Getting rid of the "too hard basket".

“But whats in it for me?!”

Ever heard question pop up in your head when asked to do something? It may not have been those exact words but it would have been asked in some way or another.

Don’t worry…no ones judging you, it simply means you’re human.

I was teaching a meditation and mindfulness class today and as we do, had a bit of a chat about things afterwards.

Something that came out of the discussion was the different level each student was at, which created an undertone of “Oh no, I have a lot of work to do!” in some people. That’s not a judgement either, simply an observation.

As the students were leaving, the following thought struck me:

“Those that have more to do have more to gain.”

I think thats a pretty powerful statement because by nature, an untrained human mind will tend to go into all the reasons why they can’t do something, and come up with all the limitations in the world that are stopping them.

Or, as I call it, we take the easy path.

We encounter resistance in the form of adversity or hard work and immediately create an aversion to it. It’s pretty normal…we all do it to a degree, but it’s not going to help us down the track.

So for the students in my class, I thought it was a good opportunity to provide a tool (in the form of a “mantra”) to use when the aversion pops up.

Being empowered with a strategy to employ when the mind tries to take its natural course is critical in being able to evolve and get stronger.

When the thought of how hard something is comes to mind, it is now an opportunity to do a few mental reps, to train the brain and get the mental health into better shape by overriding the initial thought with “Those that have more to do have more to gain!”

This expression works because once again, its human nature to only do something that we feel we’re getting something out of.

Looking at hard work as an opportunity filled with potential sits much nicer in the mind than seeing it as hard work and effort.

Its motivating and fuels us to break through a mental barrier.

We also spoke in class about human nature, and how I see it as a “disease or affliction we’re all born with.”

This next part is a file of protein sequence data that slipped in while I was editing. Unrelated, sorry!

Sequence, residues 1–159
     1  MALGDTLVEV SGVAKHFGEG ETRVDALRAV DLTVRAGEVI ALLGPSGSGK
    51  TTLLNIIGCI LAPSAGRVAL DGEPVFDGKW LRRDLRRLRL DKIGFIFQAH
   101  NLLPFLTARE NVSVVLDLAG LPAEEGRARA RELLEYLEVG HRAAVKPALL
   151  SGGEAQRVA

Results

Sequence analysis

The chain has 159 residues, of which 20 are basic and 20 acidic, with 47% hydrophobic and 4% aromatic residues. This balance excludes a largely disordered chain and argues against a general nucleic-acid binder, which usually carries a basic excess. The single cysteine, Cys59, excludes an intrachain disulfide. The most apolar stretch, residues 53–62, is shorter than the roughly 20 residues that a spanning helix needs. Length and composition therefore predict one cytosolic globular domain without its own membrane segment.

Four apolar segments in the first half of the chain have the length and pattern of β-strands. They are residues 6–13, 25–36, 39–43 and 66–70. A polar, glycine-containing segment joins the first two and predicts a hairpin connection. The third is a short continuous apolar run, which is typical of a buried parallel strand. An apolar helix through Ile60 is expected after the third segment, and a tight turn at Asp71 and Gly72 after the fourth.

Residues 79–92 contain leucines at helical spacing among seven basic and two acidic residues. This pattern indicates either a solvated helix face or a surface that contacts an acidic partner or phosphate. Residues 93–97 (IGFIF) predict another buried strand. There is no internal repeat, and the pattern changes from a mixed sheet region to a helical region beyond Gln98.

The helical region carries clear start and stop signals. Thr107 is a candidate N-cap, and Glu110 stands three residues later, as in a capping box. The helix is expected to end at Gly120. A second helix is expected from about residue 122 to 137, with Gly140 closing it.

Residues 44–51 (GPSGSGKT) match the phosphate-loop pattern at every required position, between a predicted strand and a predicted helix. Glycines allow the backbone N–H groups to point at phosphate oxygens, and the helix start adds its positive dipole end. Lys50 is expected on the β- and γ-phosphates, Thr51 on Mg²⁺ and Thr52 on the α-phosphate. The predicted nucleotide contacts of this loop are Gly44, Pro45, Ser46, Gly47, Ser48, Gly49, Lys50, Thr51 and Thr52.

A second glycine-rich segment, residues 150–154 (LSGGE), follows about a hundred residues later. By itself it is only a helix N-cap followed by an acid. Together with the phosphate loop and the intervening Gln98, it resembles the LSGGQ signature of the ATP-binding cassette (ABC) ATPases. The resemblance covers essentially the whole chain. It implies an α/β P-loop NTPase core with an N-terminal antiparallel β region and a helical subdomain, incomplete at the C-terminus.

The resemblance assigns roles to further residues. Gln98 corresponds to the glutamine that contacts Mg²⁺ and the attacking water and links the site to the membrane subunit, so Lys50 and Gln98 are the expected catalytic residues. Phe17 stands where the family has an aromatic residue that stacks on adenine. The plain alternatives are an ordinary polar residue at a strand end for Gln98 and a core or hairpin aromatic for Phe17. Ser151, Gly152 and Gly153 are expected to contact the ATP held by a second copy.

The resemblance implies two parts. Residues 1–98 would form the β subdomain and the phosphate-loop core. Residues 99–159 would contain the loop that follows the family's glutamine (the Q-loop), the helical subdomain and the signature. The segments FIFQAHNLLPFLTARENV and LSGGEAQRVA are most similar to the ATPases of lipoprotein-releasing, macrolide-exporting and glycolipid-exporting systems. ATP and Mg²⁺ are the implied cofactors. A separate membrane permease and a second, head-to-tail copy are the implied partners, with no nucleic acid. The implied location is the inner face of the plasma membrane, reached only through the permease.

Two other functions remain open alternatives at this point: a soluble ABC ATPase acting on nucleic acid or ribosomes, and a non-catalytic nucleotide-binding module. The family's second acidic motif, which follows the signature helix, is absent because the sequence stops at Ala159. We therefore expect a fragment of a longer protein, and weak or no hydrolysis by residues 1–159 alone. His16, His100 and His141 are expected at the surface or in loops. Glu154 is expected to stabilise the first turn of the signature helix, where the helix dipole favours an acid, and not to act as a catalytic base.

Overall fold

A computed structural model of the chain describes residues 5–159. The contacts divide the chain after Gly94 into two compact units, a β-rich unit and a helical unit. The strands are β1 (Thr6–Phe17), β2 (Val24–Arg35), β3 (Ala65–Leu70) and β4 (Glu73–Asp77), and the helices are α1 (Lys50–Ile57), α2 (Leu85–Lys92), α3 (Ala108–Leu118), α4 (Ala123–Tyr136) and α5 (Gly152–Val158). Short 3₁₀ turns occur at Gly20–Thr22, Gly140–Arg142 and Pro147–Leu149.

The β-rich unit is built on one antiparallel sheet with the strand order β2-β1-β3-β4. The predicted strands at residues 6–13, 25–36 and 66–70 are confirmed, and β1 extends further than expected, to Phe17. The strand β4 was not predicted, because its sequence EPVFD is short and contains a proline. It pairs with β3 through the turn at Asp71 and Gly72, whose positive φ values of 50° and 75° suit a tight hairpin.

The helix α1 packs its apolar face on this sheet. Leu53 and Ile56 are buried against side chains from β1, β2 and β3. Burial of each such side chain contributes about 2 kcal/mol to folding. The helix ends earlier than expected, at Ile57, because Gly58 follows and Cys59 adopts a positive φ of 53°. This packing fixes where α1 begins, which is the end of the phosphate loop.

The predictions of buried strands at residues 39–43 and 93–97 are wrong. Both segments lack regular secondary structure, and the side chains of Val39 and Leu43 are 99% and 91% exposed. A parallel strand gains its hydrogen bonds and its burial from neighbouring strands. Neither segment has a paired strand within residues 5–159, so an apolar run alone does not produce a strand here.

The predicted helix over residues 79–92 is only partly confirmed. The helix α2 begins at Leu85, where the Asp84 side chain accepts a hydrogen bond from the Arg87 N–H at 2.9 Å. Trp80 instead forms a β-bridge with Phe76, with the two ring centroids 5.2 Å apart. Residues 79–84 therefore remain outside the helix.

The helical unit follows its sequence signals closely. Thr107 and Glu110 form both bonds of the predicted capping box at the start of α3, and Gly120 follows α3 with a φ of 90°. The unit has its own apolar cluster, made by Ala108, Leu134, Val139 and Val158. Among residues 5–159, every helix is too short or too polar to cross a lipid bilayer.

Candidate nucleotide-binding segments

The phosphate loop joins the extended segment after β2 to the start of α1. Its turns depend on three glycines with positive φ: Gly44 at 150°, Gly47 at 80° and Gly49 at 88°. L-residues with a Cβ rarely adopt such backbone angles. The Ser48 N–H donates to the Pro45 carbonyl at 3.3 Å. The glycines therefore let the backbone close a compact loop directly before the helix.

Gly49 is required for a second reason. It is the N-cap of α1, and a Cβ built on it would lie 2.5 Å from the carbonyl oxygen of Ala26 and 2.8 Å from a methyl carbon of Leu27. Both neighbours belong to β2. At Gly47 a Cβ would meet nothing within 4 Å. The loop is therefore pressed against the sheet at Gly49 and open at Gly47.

I say it with tongue in cheek, but I do believe there to be an element of truth in it.

If you think about it, as kids, we’re completely irrational and illogical, filled with demands and ego and self importance.

“I want this” and “You have to do that” and eruptions that would rival the best of Mount Etna!

The world is meant to revolve around us and when it doesn’t, there’ll be hell to pay.

It’s normal, or “human nature”, but as adults I feel its our responsibility to mature and evolve out of that behaviour.

From personal experience, its bloody challenging work.

Constant self evaluation, being given homework to do by teachers, getting out of the comfort zone, being vulnerable and taking responsibility for ones thoughts, feelings and behaviour…it takes effort and repeated effort.

The return on that investment however is immeasurable.

One day naturally experiencing a sense of calmness and composure when faced with a difficult/challenging/confronting experience…it seems surreal at the time.

When all the hard work and effort kicks in and you find yourself completely present and in the moment, able to consciously choose how you respond to things is incredible.

The point I’m trying to make is that yes, there is a lot of work to do but for those willing to throw themselves into it, whats on the other side is well worth the effort.

So if you find yourself ruminating over how bad at something you are and contemplating whether its worth going back to the gym or meditation class or uni course or whatever it may be, take a moment to think the more you have to do, the more you have to gain.

Hopefully that helps.

Nick Sutherland